David ready to taste life on the ocean wave

Trainee Seaman Specialist David Beattie from Seaford SUS-151206-102246001

Trainee Seaman Specialist David Beattie from Seaford SUS-151206-102246001

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A 22-year-old Royal Navy recruit from Seaford has set sail on a new career and completed the first phase of his training at HMS Raleigh.

Trainee Seaman Specialist David Beattie arrived at the Royal Navy’s training establishment, in Cornwall, at the beginning of March. He has since undergone a 10-week intensive training course to turn him from a civilian into a sailor.

The course culminates with the passing-out-parade when the successful recruits march out in front of their family and friends.

The former pupil of Seaford Head Community Collage previously worked as a supervisor in a leisure centre.

He said, “I joined the Royal Navy to travel the world, meet new people and for a challenging and rewarding career.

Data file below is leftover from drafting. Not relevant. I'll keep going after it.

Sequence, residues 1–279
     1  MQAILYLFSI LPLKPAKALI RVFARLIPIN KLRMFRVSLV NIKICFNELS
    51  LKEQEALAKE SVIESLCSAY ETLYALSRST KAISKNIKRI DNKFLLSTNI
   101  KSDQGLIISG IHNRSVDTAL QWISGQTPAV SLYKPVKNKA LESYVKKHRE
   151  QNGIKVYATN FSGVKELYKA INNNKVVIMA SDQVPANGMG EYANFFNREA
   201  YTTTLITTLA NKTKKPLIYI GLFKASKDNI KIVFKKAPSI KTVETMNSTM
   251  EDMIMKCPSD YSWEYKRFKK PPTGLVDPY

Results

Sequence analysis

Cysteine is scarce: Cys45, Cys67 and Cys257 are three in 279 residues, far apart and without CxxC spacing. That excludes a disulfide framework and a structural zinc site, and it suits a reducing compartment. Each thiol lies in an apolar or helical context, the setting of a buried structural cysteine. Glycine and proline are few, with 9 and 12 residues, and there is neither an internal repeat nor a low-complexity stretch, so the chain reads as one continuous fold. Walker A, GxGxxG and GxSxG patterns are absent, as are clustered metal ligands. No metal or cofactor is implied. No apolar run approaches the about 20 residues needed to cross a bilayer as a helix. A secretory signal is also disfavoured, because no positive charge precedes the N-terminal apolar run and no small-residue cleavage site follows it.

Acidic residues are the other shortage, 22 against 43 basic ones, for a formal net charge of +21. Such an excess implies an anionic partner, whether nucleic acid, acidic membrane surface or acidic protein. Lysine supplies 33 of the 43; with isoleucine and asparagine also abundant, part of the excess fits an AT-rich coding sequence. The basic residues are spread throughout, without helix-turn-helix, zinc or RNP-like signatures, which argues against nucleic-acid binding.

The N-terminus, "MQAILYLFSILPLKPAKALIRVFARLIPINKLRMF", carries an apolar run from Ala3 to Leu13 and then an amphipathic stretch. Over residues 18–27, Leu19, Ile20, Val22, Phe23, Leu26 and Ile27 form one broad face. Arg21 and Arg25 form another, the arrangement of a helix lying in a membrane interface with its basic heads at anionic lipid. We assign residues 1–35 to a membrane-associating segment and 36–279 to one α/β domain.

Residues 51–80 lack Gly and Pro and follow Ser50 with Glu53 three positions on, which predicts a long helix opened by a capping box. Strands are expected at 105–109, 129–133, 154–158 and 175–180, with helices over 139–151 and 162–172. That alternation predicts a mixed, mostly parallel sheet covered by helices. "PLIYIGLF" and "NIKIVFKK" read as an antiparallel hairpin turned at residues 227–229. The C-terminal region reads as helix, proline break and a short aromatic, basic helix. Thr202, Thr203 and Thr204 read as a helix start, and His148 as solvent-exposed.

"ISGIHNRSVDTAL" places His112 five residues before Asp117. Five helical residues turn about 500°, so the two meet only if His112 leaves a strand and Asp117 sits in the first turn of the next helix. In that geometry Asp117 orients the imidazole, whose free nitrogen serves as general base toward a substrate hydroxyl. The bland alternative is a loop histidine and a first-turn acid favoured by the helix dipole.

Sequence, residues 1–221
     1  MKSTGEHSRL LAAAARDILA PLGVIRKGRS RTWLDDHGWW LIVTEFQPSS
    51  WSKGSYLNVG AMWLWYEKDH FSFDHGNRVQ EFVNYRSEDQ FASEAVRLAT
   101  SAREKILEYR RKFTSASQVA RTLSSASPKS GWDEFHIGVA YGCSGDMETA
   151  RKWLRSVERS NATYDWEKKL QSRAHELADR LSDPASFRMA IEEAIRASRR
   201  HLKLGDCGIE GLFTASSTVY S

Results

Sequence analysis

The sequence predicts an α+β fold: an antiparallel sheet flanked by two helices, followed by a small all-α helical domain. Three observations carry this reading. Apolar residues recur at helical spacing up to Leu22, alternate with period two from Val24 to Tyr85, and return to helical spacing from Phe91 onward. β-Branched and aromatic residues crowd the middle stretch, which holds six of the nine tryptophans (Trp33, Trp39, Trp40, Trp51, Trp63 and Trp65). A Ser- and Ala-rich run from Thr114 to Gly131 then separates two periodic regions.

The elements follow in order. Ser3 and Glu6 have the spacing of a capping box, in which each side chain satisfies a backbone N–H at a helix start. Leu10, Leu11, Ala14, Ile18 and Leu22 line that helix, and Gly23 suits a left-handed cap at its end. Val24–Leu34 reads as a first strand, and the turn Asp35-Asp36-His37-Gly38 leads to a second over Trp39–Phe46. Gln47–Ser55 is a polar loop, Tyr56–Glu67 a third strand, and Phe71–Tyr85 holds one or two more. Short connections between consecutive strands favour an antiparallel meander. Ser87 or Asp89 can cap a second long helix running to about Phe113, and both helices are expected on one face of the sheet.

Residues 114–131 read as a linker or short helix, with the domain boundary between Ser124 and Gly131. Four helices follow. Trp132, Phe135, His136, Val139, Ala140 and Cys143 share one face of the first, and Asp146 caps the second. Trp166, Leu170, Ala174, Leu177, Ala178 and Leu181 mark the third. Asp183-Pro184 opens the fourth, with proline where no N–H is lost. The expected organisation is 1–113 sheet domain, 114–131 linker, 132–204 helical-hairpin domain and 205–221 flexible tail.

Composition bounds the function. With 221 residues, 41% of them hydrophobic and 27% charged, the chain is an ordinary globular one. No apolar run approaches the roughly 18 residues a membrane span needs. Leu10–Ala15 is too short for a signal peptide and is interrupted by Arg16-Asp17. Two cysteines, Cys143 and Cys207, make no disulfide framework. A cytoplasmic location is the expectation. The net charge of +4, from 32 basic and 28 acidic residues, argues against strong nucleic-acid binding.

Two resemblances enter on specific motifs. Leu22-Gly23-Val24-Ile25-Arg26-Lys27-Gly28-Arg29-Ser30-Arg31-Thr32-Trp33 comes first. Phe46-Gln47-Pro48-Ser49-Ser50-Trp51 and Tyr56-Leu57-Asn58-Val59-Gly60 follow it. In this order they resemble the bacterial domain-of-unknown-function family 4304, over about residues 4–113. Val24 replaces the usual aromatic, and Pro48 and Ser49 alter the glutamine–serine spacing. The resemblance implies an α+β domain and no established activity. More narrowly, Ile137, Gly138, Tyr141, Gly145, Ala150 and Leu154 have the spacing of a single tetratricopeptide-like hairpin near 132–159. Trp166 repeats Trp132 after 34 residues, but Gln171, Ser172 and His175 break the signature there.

“Training has been hard work, interesting and diverse. I am proud to have completed the course. I’ve now reached a point in my life where I am ready to commit to something as professional as the Royal Navy.”

David will now undergo 10 months of further training to qualify as a Seaman Specialist.

Through a series of courses at HMS Raleigh and HMS Collingwood, he will develop the skills and techniques 
required to re-supply, 
anchor and berth Royal Navy ships.

He will also learn to operate the close communications systems and short-range weapons

The Royal Navy’s Initial Naval Training course is underpinned by nine Core Maritime Skills that are the foundations of naval life and underpin operational effectiveness. Recruits are taught the basics 
of Naval discipline and customs.

They learn about navigation and are given the chance to take the helm of their own medium sized inflatable boat during a waterborne orienteering exercise.

Royal Navy personnel can also be called upon to play a vital role in land-based operations, so recruits undergo training in basic combat skills which includes survival in the field.

Fitness is a key component of the training and is delivered using a disciplined method of military fitness which focuses on developing co-ordination and individual physical strength and endurance.

As the course progresses the recruits take part in three extended exercises to test their skills and understanding of the principles they have been taught.

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